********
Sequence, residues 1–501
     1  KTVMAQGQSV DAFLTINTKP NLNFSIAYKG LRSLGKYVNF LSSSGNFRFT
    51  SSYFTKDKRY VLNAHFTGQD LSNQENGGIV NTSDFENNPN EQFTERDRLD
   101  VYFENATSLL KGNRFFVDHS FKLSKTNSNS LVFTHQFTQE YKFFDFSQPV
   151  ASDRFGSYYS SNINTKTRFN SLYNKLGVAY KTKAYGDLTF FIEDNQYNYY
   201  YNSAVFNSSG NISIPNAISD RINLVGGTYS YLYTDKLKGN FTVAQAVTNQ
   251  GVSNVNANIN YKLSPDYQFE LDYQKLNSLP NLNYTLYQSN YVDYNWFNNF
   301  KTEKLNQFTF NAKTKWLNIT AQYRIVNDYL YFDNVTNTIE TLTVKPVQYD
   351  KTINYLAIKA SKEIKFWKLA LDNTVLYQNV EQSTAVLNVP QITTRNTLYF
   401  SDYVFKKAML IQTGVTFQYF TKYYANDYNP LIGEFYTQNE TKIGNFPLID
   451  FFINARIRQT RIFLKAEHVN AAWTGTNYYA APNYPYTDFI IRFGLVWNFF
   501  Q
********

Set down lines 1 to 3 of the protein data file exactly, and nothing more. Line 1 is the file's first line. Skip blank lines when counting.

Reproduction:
Sequence, residues 1–501
     1  KTVMAQGQSV DAFLTINTKP NLNFSIAYKG LRSLGKYVNF LSSSGNFRFT
    51  SSYFTKDKRY VLNAHFTGQD LSNQENGGIV NTSDFENNPN EQFTERDRLD